countries, according to local tradition, the level of medical science, and particularly the social system. Poland is one of the countries which, having ensured general protection of their citizens’ health, have sought to secure that this

protection is

on the highest possible level. In the field of health protection postgraduate training embraces doctors, dentists, and pharmacists, and other workers such as biochemists, physicists, biologists,. and bacteriologists. Doctors, however, constitute the basic and largest group for which postgraduate training is

organised. Postgraduate training

of all physicians in Poland may be subdivided into two kinds: training carried out in the course of professional work; and specially organised

training. TRAINING IN THE COURSE OF PROFESSIONAL WORK

In hospitals the responsibility for training rests with the director and ward heads. Regular periodic scientific conferences in particular wards as well as general hospital conferences are held. The programme of training at these conferences is arranged by the hospital management, but it is )supervised by national specialists’ teams from the relevant branches of medical science. This form of training, which is generally accepted throughout the world, in Poland has considerable bearing upon the professional level of doctors in hospitals. Half the total number of doctors in Poland are hospital practitioners. Cooperation between general practitioner and specialist working in a clinic is continuous and direct in big urban centres. General practitioners working in the countryside have less opportunity for frequent con-

practitioner

and

planner

"

doctor’s skill and time when he types or writes six letters hospitals himself or if he has to spend time preparing for, performing, and clearing up after dressing a wound. Reinforcement of the general practitioner, .releasing him from work which he need not and should not do, would enable his proper training to be put to its proper use. In a world in which professional skills are scarce and becoming scarcer steps must be taken to enable us to use our medical resources to their utmost efficiency. to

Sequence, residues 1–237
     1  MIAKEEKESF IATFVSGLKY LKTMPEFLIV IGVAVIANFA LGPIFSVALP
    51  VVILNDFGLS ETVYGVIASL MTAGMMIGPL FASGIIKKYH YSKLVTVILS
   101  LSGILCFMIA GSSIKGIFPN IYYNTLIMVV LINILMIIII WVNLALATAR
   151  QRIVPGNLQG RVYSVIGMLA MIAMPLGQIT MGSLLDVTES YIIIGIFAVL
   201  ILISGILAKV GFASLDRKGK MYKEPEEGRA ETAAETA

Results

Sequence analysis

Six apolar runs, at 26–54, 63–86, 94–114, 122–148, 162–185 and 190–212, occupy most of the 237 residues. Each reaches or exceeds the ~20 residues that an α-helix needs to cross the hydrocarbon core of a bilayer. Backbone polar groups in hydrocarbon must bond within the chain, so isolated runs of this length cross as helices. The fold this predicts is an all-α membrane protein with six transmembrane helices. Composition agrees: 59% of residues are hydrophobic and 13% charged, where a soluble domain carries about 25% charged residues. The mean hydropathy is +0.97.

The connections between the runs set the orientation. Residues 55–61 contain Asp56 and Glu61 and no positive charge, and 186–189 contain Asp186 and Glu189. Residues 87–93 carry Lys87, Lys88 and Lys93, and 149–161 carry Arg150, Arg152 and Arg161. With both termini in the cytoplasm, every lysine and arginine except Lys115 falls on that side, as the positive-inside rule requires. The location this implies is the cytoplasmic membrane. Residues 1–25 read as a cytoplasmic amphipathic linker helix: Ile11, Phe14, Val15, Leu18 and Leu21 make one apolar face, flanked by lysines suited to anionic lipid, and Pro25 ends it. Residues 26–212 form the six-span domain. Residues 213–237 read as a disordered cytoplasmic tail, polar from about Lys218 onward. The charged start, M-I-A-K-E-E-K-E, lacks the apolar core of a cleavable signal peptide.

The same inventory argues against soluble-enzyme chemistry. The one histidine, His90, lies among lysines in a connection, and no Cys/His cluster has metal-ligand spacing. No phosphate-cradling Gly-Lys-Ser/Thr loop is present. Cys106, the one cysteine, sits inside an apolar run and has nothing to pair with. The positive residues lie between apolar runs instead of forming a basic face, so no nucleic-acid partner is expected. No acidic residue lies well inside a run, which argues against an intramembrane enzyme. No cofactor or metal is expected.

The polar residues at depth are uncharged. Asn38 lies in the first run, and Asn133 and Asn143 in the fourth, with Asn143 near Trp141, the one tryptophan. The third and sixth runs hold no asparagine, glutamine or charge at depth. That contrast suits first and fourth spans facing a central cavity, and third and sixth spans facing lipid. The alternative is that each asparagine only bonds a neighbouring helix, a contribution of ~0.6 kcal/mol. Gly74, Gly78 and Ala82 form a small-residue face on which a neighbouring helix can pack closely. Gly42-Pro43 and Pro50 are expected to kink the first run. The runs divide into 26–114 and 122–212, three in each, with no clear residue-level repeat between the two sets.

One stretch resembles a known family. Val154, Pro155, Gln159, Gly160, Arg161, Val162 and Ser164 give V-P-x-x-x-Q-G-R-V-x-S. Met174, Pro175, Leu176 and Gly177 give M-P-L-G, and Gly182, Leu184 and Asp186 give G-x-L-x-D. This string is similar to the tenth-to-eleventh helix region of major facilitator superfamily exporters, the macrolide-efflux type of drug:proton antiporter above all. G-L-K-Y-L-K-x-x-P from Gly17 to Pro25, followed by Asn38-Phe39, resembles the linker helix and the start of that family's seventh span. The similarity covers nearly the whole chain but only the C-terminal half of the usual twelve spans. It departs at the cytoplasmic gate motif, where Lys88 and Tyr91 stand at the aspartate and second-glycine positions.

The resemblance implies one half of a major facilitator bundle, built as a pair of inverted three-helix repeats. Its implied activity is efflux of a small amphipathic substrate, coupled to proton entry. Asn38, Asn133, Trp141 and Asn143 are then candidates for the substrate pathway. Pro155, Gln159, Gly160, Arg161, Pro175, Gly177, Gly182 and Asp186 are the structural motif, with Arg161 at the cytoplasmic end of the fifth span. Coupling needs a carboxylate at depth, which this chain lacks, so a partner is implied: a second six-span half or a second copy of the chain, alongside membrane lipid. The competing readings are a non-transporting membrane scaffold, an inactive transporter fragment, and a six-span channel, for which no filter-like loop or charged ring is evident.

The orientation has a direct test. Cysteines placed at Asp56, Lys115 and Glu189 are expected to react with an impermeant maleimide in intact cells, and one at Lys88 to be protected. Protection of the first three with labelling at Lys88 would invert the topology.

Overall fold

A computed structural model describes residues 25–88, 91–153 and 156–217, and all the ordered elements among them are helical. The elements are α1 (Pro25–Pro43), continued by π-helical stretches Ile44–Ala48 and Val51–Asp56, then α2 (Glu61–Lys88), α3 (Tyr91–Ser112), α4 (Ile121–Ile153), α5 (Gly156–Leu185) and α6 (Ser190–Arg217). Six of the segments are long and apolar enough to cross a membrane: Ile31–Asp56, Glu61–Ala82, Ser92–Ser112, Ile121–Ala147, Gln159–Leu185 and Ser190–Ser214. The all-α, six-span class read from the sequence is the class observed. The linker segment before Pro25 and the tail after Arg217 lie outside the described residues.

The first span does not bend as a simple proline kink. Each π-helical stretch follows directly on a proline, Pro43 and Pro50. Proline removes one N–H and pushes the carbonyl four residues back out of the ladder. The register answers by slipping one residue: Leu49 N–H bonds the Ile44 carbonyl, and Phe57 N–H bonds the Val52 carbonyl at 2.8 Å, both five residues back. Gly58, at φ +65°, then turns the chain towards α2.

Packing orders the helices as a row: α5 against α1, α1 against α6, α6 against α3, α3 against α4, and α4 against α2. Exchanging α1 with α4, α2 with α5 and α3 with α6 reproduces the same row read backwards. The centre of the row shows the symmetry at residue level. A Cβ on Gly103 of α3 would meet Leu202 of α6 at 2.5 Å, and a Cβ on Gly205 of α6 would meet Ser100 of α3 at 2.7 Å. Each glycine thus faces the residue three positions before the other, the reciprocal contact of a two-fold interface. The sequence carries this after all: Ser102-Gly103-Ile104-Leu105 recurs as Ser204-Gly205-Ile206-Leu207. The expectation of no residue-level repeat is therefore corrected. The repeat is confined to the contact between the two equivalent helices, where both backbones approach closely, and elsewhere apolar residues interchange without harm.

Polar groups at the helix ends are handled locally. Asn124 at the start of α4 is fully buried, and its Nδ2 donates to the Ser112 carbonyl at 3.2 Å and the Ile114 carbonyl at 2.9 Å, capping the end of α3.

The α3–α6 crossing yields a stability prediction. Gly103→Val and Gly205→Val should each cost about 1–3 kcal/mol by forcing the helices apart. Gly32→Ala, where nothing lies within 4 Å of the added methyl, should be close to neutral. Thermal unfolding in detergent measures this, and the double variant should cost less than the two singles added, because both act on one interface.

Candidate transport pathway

sultations of this kind. For them county and regional hospitals fill the role of consultation and instruction centres. Ward heads in these hospitals are obliged to act as on-the-spot consultants if this is necessary. ORGANISED TRAINING

M.D. Warsaw MEDICINE; DIRECTOR, POSTGRADUATE MEDICAL SCHOOL, WARSAW, POLAND

to

hospitals in matters of organisation ; and this undoubtedly impairs its efficiency, recently described by Brotherston as that of a cottage industry. General practitioners have accustomed themselves to makeshifts and improvisations, making do to an extent quite unrecognised by those with no experience of practice. It is no proper use of a

EDWARD RUZYLLO PROFESSOR OF

well known

alike, general practice has lagged behind practice in

In Poland two institutions provide organised trainingthe national specialists and the postgraduate medical school.

National

Specialists

In all the main divisions of medicine the Minister of Health appoints outstanding specialists to act as chief advisers to the Ministry. Their responsibility is to ensure that the level of medical care in Poland, within the scope of their specialty, is adequate. From this responsibility derives the duty to train doctors working on different professional levels. Each province has a specialist in each field of medicine; hence each national specialist has a This team of 22 regional specialists in his specialty. over the medical of system professional supervision service in our country renders considerable service to

postgraduate training. Postgraduate Medical School, Training in the course of professional work cannot possibly meet all the requirements of postgraduate teaching. For this reason a Postgraduate Medical School established in 1953. The school is not concerned with the current postgraduate training of all the 30,000 Polish doctors since this would be hardly feasible. It trains leading members of the profession-ward heads and specialists. It also undertakes the postgraduate trainingg of doctors who need additional training because of the progress made in their fields or because of changing requirements of the health service in Poland. Much attention is paid to training in new medical centres where predominantly young doctors work, and also to training doctors who work in distant provincial centres. These in turn later train their fellow doctors in their local city.